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  • Writer's pictureGregory Andrews

Climate change denial: Lies work!

My last blog was about climate change denialists and toxic masculinity. This one is about their use and promotion of lies and deception.

In the 1950s, psychologist Leon Festinger revealed a fundamental aspect of human nature – when faced with conflicting beliefs and actions, humans tend to alter their beliefs to reduce their cognitive dissonance and avoid changing their behaviour. This insight provides a lens through which we can understand how and why climate change denialists use lies and deception. It's also why, like anti-vaxers, they employ the tactics of repetition and trolling.

In the 1960s, the tobacco industry exemplified strategic use of lies. Facing the challenge of selling cigarettes amid growing health concerns, it cleverly exploited smokers cognitive dissonance, giving them a reason to continue their habit, even in the face of mounting evidence of the harms of smoking. By emphasising subjective notions like flavour and enjoyment in advertisements, and thus framing smoking as a pleasurable experience, the tobacco industry strategically influenced individuals' desires to smoke by promoting their sense of agency and self-justification.

Hitler and Mussolini used lies extensively to manipulate public opinion and consolidate power. Mussolini falsely promoted claims about Italy's economic prosperity and invincibility. Hitler deceitfully promoted Aryan supremacy and a twisted vision of racial purity to justify the Holocaust. Both used fabrications to consolidate power, perpetrate atrocities, and create a distorted reality that facilitated their authoritarian rule. In more recent times, political figures like Donald Trump have used misinformation to advance their agendas. Australia is not immune, the Children Overboard Scandal and the Robodebt Royal Commission showed how lies are used by our leaders to manipulate public sentiment for political gain.

In the context of climate change denialism, the parallels are striking. Climate change deniers use and repeat big lies to create a distorted reality that aligns with their interests. The idea that climate change is a hoax or exaggerated becomes the central lie around which other smaller falsehoods orbit. The big lie helps to organise and propagate a series of smaller lies. Barnaby Joyce, for example, has been called out for consistently spreading misinformation about wind and solar energy. Peter Dutton has promoted fake news on the effects of wind farms on whales. And Scott Morrison and Michaelia Cash told us EVs would ruin our weekends. Multiple lies at multiple levels and from different angles make protecting the truth even more challenging. The audacity of the falsehoods and the power of social media algorithms that promote them, make it easy for people who are scared and suffering from cognitive dissonance to get sucked in.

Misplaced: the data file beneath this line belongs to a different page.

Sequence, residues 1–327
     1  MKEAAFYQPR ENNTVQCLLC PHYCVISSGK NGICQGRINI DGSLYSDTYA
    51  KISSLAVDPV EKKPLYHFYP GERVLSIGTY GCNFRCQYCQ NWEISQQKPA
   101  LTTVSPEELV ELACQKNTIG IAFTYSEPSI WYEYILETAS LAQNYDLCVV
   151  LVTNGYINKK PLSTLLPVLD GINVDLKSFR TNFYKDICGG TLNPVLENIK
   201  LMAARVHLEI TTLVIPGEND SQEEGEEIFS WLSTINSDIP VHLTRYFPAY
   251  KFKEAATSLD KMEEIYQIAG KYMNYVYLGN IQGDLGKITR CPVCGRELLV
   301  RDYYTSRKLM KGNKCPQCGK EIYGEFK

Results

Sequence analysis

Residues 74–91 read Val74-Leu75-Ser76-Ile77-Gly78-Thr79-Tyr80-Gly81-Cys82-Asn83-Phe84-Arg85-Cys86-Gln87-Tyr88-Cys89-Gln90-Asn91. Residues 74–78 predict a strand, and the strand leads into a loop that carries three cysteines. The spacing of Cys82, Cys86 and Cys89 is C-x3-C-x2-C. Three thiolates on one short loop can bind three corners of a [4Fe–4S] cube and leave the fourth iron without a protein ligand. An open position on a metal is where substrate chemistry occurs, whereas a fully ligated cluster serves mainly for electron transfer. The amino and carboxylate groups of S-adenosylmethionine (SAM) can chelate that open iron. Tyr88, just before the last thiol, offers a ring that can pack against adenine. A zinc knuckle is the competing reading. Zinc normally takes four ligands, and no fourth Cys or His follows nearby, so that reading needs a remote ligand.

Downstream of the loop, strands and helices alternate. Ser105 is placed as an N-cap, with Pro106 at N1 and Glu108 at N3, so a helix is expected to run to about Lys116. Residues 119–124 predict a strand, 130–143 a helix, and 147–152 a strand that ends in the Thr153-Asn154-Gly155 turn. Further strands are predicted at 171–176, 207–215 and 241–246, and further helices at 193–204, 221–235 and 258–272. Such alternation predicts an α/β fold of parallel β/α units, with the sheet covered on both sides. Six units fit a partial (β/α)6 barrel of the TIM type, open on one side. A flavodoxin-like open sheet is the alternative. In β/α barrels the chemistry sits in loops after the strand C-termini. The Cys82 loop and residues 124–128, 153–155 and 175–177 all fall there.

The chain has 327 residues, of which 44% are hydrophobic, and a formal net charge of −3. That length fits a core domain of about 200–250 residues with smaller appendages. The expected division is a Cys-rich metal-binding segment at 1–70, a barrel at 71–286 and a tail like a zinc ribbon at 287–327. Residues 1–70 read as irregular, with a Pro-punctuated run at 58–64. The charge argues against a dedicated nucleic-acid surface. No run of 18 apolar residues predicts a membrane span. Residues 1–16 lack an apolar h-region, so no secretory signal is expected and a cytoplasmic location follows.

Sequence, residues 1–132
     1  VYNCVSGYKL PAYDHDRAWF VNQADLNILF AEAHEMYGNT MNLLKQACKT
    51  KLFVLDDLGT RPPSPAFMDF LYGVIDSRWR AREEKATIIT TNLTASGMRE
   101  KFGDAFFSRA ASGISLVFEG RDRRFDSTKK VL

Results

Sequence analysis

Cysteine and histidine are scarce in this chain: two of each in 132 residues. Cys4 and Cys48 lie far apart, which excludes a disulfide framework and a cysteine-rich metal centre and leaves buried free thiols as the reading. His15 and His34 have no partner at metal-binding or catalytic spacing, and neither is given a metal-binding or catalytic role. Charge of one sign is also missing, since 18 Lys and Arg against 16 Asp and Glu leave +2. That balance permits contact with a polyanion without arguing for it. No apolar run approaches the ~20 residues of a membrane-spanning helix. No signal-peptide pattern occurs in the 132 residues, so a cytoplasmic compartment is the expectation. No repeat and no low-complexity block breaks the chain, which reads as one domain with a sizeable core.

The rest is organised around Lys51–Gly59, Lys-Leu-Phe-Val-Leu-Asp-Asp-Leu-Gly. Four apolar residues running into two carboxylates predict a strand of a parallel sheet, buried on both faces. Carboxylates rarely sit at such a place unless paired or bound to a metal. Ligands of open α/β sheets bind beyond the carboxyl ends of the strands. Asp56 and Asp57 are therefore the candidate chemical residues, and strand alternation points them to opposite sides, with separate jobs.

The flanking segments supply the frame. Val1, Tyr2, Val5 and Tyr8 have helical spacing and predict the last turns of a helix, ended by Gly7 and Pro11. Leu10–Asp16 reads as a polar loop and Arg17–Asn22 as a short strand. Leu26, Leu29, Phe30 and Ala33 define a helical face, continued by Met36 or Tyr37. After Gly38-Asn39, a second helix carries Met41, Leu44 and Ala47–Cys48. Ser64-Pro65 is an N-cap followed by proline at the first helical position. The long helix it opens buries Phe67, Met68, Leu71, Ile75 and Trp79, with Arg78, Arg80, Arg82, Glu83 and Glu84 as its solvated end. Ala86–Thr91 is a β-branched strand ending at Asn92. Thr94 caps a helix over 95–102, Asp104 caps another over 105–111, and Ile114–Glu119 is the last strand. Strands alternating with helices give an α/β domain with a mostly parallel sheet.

The irony is particularly glaring when we examine how self-proclaimed libertarians, who advocate for individual freedoms, align themselves with climate change denialism. Some climate change denialists might believe they are championing freedom, but the misinformation they perpetuate is actually aligned with shady organisations and politicians aiming to control and manipulate the masses.

The illusory truth effect, driven by repetition and source dissociation, is formidable. The importance and urgency of dismantling the lies of climate change denialists is thus paramount. Recognising the anatomy of the lies – clarity, repetition, and the embedding of falsehoods within a cloud of truth – is crucial in deciphering and combatting them.

Repetition of the truth, presented in diverse and engaging ways and platforms, is essential. Protests, articles, blogs, podcasts, tweets, art, music, and memes can all contribute to a chorus of truth that pierces the veil of deception. The task is challenging, but our climate is on the brink of irreversible tipping points. The truth matters more now than it ever did. Our future depends on it.

Image thanks to Professor Mark Maslin from his Twitter feed.

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Jan 08

is this not the age old dilemma of when swathes of people's skills and life long capabilities are not needed anymore in society there is let loose a maelstrom of worthlessness and lashing out by any means. We are all of us getting swamped in this age of separation/ replacement by the 'machine', now in new guise of AI . If there is no valued place for these men you speak of then there is deep resentment and displacement., revealing itself in ' toxic behaviour'. These are the exiles of our present age...exile in old times was THE worst punishment one could inflict. There will be no remittance from this toxicity until the wheels have turned a bit more and…


Keith Hughes
Keith Hughes
Jan 07

Thanks Gregory for the cogent and convincing analysis. Ironically, and for the reasons outlined in your essay, the people who most need to take on board the conclusions, won't. I guess the challenge for the rest of us is trying to work out what will get through to them! Keep up the good work.


Jan 07

See the book by Naomi Orestes and Erik Coneway "Merchants of Doubt" in which they confirm that the same tactics were used to sell cigarettes after all evidence linked them to cancer as are being used to push climate change denial. Interesting, often the same people have been involved. One of the main tactics in each case has been to buy "scientists" (or at least, engineers) to bat for the denial side, simply by spreading doubt. Hard to convince those who benefit financially from selling either cigarettes or fossil fuels that there is a problem. Maybe just as hard to convince idealogues (listen to last week's "Science Show" on ABC Radio National. Keep up the good work.

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